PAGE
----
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ipratropium inhalation solution
How does this medication work? What will it do for me?
Ipratropium belongs to the group of medications called bronchodilators. It is used to treat chronic obstructive pulmonary disease (COPD), including chronic bronchitis and emphysema.
It is also used along with other medications to treat asthma attacks.
Ipratropium works by opening the air passages, making breathing easier. This solution is given with the help of compressed air or nebulizers.
This medication may be available under multiple brand names and/or in several different forms. Any specific brand name of this medication may not be available in all of the forms or approved for all of the conditions discussed here. As well, some forms of this medication may not be used for all of the conditions discussed here.
Your doctor may have suggested this medication for conditions other than those listed in these drug information articles. If you have not discussed this with your doctor or are not sure why you are being given this medication, speak to your doctor. Do not stop using this medication without consulting your doctor.
Do not give this medication to anyone else, even if they have the same symptoms as you do. It can be harmful for people to use this medication if their doctor has not prescribed it.
What form(s) does this medication come in?
phl-Ipratropium is no longer being manufactured for sale in Canada. For brands that may still be available, search under ipratropium inhalation solution. This article is being kept available for reference purposes only. If you are using this medication, speak with your doctor or pharmacist for information about your treatment options.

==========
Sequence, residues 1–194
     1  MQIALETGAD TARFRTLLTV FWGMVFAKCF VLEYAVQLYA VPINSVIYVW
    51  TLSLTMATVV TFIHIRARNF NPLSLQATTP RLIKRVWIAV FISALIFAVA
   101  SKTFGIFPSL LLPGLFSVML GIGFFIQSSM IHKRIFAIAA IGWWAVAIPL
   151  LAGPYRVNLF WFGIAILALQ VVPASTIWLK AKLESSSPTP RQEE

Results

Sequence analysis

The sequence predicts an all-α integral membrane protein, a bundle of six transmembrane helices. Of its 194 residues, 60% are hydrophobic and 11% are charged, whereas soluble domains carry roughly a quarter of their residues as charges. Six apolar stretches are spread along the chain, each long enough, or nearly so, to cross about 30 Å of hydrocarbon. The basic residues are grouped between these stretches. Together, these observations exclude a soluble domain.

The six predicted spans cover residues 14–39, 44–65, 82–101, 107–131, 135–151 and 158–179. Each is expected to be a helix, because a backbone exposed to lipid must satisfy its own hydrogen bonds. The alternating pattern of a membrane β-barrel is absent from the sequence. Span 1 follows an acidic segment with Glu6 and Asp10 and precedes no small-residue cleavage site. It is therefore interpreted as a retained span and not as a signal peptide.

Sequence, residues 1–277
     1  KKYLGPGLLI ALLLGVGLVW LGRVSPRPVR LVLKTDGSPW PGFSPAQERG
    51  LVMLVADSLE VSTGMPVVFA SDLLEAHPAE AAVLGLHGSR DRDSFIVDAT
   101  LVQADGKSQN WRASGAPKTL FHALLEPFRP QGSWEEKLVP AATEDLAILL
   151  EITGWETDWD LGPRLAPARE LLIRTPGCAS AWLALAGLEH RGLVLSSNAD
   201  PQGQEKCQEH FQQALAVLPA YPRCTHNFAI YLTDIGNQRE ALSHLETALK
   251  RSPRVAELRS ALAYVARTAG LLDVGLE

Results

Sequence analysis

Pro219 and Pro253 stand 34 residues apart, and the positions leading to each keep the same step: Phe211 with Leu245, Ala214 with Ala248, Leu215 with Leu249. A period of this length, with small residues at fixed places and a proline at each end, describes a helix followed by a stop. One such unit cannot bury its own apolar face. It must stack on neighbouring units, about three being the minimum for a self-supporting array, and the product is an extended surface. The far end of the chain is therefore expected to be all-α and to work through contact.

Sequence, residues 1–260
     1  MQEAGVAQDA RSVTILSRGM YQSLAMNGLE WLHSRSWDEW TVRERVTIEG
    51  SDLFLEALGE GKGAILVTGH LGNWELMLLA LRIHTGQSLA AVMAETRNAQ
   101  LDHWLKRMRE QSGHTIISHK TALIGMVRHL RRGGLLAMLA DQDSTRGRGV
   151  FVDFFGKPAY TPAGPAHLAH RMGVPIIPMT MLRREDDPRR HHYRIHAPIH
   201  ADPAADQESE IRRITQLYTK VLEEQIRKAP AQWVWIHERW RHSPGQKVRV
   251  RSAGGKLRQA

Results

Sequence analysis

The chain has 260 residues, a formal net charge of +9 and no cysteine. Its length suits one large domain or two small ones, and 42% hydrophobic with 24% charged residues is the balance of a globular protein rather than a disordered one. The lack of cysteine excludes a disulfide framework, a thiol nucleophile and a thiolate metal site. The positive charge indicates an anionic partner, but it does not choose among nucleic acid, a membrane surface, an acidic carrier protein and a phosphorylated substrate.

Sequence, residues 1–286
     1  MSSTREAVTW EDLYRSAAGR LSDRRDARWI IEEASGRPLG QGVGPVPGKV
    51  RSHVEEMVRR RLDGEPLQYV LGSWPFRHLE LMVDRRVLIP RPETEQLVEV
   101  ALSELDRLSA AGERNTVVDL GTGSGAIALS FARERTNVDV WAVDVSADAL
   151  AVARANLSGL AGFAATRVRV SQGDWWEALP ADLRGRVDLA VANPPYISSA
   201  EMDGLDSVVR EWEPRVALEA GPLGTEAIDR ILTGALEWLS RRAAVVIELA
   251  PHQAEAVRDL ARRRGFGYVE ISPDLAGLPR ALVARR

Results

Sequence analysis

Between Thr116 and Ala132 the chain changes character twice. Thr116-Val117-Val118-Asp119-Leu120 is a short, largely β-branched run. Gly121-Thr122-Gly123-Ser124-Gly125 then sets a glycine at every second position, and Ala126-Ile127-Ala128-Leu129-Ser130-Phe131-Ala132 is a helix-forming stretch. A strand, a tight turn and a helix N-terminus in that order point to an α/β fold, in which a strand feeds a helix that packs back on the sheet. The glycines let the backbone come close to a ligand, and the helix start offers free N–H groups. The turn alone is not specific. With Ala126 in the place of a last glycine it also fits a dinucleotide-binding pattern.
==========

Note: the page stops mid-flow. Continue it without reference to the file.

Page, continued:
How should I use this medication?
The recommended adult dose of ipratropium inhalation solution is 250 µg to 500 µg. For children (5 to 12 years of age), the recommended dose is 125 µg to 250 µg. The dose may be repeated every 4 to 6 hours as needed.
For regular treatment of breathing difficulties caused by chronic bronchitis or emphysema, the recommended adult dose is 500 µg 3 to 4 times a day. If less than 2 mL of solution is to be nebulized, a sterile, preservative-free saline or another suitable nebulizer solution should be used to make up the total volume to between 2 mL and 5 mL.
Your doctor or pharmacist should tell you how to use this medication properly. Also, follow the instructions found with the medication and with your nebulizer for proper treatment, care, maintenance, and equipment cleaning procedures. It is very important to adjust the face mask, if required, to prevent the mist from getting into your eyes.
Many things can affect the dose of medication that a person needs, such as body weight, other medical conditions, and other medications. If your doctor has recommended a dose different from the ones listed here, do not change the way that you are using the medication without consulting your doctor.
It is important that this medication be used exactly as prescribed by your doctor. If you miss a dose, take it as soon as possible and continue with your regular schedule. If it is almost time for your next dose, skip the missed dose and continue with your regular dosing schedule. Do not take a double dose to make up for a missed one. If you are not sure what to do after missing a dose, contact your doctor or pharmacist for advice.
Store this medication at room temperature, protect it from light and moisture, and keep it out of the reach of children.
Do not dispose of medications in wastewater (e.g. down the sink or in the toilet) or in household garbage. Ask your pharmacist how to dispose of medications that are no longer needed or have expired.
Who should NOT take this medication?
Ipratropium inhalation solution should not be used by anyone with an allergy or sensitivity to ipratropium, to atropine-like medications in general, or to any of the ingredients of the medication.